By Anuradha Nagaraj
CHENNAI, India, March 6 (Thomson Reuters Foundation) - Indian police have raided brothels guarded by dogs in the southern state of Telangana, arresting 35 people on charges of sex trafficking girls as young as 13, investigators said on Monday.
Thirty women and girls were rescued in the overnight raids on March 1 and 2 in Medak district, in what police described as a "breakthrough" in cracking sex trafficking networks.
"The brothels were guarded by big dogs, including Great Danes and Dobermans, making access very difficult," Soumya Mishra of the Telangana criminal investigations department.
"It took us two months to set up the operations as the brothel keepers had hired young boys to patrol the neighbourhood on bikes and tip them off on police raids."
Of an estimated 20 million sex workers in India, 16 million women and girls are victims of sex trafficking, according to non-governmental organisations working in the country.
In Telangana, over 500 cases of sex trafficking were registered between 2015 and 2016, and nearly 600 traffickers arrested, Mishra told the Thomson Reuters Foundation.
Last week's raids have raised concerns over the number of young girls from poor economic backgrounds and broken homes being trapped in the trade, campaigners said.
The illegal brothels were being run from 35 houses in the Japthi Shivnoor village, with the owners living on the premises and the trafficked women housed in cramped rooms and forced to take on up to 10 clients a day.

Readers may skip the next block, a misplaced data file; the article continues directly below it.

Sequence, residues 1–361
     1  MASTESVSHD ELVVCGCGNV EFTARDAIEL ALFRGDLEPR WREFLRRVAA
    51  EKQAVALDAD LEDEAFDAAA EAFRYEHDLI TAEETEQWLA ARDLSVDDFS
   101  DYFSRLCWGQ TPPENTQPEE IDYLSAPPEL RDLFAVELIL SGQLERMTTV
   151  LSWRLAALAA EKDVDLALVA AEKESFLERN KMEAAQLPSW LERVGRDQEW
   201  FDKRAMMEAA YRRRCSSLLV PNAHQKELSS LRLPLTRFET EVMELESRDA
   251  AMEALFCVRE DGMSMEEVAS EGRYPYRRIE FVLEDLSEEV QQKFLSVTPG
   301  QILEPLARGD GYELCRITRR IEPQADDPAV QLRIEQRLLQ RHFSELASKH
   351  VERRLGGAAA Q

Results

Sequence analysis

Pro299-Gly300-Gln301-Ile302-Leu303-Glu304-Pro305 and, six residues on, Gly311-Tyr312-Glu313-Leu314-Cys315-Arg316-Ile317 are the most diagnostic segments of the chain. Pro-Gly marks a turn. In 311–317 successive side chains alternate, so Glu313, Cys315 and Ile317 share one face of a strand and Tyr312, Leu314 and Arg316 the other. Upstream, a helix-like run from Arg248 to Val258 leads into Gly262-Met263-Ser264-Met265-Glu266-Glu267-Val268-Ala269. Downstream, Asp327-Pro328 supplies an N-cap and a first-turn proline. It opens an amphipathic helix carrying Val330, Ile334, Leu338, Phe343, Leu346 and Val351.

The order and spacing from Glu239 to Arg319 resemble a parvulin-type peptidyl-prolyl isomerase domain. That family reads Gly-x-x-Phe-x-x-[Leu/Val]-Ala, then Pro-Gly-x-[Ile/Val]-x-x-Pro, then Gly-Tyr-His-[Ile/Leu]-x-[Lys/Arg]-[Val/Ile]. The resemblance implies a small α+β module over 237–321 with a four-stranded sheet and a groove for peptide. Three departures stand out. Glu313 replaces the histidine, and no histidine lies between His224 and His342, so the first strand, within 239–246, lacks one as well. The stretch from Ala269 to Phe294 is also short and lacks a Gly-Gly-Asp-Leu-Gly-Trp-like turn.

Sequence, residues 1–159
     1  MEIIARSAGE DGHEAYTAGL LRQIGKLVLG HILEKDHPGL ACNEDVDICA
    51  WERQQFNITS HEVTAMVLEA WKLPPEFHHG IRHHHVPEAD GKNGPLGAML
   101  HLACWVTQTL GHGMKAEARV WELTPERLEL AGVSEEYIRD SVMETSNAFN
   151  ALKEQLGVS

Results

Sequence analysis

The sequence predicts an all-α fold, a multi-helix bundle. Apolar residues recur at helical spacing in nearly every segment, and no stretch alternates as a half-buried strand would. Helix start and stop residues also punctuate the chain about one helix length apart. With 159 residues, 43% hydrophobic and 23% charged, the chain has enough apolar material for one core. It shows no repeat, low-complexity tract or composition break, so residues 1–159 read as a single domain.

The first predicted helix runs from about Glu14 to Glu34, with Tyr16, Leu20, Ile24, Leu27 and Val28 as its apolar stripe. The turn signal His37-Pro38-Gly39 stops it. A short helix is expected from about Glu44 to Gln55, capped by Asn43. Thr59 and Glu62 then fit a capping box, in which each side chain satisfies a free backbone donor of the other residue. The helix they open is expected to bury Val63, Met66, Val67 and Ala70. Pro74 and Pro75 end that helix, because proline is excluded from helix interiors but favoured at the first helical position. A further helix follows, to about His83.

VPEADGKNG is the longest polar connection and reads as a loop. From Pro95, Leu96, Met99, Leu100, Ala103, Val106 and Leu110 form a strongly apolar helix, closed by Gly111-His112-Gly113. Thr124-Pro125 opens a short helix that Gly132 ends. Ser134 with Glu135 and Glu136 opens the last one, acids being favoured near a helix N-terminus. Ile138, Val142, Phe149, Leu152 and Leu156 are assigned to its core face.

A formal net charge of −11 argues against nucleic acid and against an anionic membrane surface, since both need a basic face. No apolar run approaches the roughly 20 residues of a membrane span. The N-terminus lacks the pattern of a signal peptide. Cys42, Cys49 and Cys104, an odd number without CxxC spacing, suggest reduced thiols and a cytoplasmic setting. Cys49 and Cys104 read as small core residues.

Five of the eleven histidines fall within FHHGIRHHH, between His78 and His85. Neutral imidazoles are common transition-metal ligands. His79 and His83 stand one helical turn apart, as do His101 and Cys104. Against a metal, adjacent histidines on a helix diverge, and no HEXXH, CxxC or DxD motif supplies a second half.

The traffickers charged around 500 rupees ($7) for 10 minutes, but did not pay the victims any money, police said.
"During the raids we found lots of unused condoms hidden in rice sacks and also seized over 400,000 rupees ($6,000) in cash," Mishra said.
"If we hadn't raided the brothels, one of the girls who was very sick when we found her would have died," she said.
The suspects, including a woman thought to be the kingpin of the operation, have been charged under anti-trafficking laws.
($1 = 66.75000 Indian rupees)
(Reporting by Anuradha Nagaraj, Editing by Ros Russell; Please credit the Thomson Reuters Foundation, the charitable arm of Thomson Reuters, that covers humanitarian news, women's rights, trafficking and climate change. Visit www.trust.org)
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